Probably nothing that is written in this review will affect the juggernaut of what is essentially the eighth Harry Potter book. Harry Potter and the Cursed Child, the rehearsal script of the new two-part play set nineteen years after the events in the Deathly Hallows, returns readers to familiar locales, spells and situations but with a new generation of teenagers at the helm.
The centre of The Cursed Child is two confused, fairly typical teens. Albus Severus Potter, middle child of Harry Potter and Ginny Weasley, is failing to deal with family fame and has been sorted into (gasp!) Slytherin. While his new best friend Scorpius Malfoy, son of Harry’s schoolyard nemesis Draco, is subject to a painful whispering campaign about his parentage. But plenty of loved characters also feature either in main parts of the plot or dream sequences. For long-time fans of the books this is an opportunity to revisit characters like Harry, Ron, Hermione, Ginny and Draco in their middle age and see how their exploits both define and restrict them.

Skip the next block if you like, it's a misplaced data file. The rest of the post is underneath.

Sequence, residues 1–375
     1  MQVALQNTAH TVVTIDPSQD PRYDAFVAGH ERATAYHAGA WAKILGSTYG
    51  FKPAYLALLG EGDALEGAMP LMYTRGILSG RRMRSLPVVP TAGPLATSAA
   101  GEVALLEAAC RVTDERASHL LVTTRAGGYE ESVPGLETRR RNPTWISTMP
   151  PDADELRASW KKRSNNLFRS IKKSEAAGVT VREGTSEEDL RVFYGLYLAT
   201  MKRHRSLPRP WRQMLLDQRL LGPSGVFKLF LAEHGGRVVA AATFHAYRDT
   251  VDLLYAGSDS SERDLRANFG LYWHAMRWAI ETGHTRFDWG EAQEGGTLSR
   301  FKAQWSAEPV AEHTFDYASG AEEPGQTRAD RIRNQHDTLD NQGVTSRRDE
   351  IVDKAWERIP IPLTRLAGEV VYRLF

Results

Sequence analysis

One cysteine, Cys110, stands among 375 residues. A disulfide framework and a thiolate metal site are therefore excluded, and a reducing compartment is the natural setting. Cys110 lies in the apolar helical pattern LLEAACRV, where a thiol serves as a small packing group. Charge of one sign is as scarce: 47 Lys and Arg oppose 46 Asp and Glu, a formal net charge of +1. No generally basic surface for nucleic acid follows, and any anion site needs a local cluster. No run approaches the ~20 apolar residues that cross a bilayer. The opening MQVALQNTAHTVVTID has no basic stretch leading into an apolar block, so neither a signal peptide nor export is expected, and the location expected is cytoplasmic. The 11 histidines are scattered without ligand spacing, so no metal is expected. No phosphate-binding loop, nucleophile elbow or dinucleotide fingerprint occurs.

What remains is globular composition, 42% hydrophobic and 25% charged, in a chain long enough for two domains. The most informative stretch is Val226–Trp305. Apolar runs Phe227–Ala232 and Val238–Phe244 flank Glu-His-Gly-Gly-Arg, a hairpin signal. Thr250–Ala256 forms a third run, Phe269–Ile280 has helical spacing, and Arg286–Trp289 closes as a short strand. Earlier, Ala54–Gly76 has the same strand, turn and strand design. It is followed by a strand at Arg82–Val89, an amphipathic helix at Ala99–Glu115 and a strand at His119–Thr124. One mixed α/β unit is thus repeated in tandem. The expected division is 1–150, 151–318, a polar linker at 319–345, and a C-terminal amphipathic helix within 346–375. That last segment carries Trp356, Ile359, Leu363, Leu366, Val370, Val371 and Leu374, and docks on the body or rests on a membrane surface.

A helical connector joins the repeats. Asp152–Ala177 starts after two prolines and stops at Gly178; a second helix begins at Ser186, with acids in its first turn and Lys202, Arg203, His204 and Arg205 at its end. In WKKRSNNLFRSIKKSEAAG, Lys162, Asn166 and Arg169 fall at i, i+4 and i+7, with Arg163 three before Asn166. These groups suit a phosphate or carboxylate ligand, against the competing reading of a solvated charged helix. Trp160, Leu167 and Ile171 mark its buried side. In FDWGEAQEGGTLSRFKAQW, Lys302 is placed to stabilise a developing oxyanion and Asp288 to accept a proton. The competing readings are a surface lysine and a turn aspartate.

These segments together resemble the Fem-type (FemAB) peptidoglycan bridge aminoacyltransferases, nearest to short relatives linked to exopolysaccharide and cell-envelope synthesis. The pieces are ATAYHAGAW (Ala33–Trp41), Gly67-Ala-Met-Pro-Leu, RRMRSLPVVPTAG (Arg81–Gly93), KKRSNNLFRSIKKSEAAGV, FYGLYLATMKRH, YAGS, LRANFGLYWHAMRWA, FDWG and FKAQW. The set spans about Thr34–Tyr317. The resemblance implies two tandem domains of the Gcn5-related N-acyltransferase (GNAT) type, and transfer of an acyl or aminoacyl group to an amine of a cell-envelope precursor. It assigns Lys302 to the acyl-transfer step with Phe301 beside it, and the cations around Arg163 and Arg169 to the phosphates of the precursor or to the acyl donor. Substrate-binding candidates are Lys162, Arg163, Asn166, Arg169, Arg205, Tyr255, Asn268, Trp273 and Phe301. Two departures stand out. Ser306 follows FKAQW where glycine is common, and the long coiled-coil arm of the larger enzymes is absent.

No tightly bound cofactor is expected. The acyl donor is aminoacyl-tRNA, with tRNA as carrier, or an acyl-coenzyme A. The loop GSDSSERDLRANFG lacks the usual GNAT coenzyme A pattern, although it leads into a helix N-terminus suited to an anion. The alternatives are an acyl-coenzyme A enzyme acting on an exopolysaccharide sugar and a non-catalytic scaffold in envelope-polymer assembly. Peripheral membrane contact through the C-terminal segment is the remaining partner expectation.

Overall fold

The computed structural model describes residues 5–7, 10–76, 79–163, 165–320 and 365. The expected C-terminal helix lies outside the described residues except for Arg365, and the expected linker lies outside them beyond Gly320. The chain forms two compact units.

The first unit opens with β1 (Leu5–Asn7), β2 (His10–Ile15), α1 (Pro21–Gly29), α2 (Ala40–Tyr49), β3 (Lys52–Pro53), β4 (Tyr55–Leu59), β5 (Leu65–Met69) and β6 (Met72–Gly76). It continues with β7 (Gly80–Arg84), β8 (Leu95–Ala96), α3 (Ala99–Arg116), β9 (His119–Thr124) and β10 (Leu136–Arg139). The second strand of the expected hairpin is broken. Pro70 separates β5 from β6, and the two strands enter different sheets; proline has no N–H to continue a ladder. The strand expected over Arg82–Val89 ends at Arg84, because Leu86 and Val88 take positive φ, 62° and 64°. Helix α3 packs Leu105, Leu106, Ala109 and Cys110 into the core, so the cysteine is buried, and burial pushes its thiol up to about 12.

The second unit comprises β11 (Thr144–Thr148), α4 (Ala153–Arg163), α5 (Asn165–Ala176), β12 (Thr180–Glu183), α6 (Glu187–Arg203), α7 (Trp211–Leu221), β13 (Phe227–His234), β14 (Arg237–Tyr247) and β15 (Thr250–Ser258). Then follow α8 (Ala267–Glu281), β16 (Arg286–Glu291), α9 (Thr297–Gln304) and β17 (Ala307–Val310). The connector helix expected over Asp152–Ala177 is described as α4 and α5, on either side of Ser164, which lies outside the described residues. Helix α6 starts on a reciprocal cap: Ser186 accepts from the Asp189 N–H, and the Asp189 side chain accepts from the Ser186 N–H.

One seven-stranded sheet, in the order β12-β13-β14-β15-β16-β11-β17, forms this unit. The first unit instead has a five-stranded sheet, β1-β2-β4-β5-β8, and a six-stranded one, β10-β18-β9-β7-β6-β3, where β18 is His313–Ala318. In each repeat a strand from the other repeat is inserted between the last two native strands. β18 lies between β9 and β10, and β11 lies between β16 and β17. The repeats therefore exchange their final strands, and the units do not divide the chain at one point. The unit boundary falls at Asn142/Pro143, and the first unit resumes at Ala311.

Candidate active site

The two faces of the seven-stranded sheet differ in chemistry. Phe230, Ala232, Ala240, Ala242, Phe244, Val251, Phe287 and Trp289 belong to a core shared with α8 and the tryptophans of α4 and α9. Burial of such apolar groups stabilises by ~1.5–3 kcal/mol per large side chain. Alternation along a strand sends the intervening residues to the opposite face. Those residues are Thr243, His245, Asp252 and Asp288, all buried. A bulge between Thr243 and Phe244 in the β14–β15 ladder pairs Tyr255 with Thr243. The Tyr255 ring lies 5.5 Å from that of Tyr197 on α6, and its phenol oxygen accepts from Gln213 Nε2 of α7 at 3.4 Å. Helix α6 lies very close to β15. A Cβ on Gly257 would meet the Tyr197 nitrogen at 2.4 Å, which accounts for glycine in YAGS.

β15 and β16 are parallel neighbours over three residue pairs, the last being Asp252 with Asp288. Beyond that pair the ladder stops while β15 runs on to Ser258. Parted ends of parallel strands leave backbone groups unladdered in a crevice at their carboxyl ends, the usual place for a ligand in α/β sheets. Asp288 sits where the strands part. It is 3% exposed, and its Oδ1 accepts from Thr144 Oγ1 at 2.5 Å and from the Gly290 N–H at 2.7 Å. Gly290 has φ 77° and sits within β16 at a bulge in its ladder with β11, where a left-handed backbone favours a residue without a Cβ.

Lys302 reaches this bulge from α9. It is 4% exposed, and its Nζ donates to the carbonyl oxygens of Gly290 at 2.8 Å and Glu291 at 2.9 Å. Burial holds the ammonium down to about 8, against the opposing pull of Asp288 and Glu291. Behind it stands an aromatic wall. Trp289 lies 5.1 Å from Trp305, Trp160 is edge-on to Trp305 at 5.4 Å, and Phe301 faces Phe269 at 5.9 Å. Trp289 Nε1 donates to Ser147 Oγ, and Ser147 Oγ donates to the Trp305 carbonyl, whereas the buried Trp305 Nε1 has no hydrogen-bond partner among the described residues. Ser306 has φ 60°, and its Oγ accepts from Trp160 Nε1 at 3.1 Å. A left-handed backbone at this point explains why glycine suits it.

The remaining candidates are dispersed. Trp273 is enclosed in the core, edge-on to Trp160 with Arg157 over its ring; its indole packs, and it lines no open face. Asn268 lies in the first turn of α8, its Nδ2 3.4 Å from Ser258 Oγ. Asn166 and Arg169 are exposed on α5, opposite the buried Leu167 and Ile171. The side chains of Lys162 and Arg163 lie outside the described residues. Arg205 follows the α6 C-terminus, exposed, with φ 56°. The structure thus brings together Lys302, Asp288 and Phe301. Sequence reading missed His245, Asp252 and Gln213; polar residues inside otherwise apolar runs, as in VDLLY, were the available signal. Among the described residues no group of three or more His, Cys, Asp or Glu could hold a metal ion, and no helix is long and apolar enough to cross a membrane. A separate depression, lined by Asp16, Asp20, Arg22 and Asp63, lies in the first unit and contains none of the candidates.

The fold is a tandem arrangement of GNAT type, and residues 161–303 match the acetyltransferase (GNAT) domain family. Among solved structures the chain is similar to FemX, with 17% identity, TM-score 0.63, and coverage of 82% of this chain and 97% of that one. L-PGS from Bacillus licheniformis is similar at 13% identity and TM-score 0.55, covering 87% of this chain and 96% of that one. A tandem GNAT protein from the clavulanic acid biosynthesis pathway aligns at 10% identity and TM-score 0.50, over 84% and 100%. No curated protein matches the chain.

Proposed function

At the centre of the action of The Cursed Child is a tricky narrative device – the timeturner. Rowling used this device to great effect in the third Harry Potter book The Prisoner of Azkaban. In that book, the potential paradoxes and multiple universes that could be caused by unchecked time travel were carefully contained. In the world of The Cursed Child timeturners are outlawed due to the havoc they can cause but that does not stop one coming very much into play. But like the devices themselves, time travel as a narrative device is tricky to pull off. It does allow Rowling and her cowriters to explore potentially alternative presents and explore the moral time travel quandary of whether you allow people to die if you know it will protect the future. But the way it works and impacts on the characters involved does not bear too much thought or investigation.
The Cursed Child is a message play. It focuses strongly on the relationship of parents and children, particularly that of Albus and his rocky relationship with his famous father Harry Potter and Scorpius with his father Draco Malfoy. While these conflicts are necessary to drive the drama, their portrayal and resolution is extremely heavy handed and broad brush.
All that said, it is likely that The Cursed Child would work really well on stage, particularly for the younger audiences who, it must be remembered, Potter is actually pitched at. The staging on paper is incredibly ambitious, and most of the quibbles about plot and character may well fall away in the presence of dazzling sets and solid performances. Because in the end, theatre, done well, has the power to work its own magic.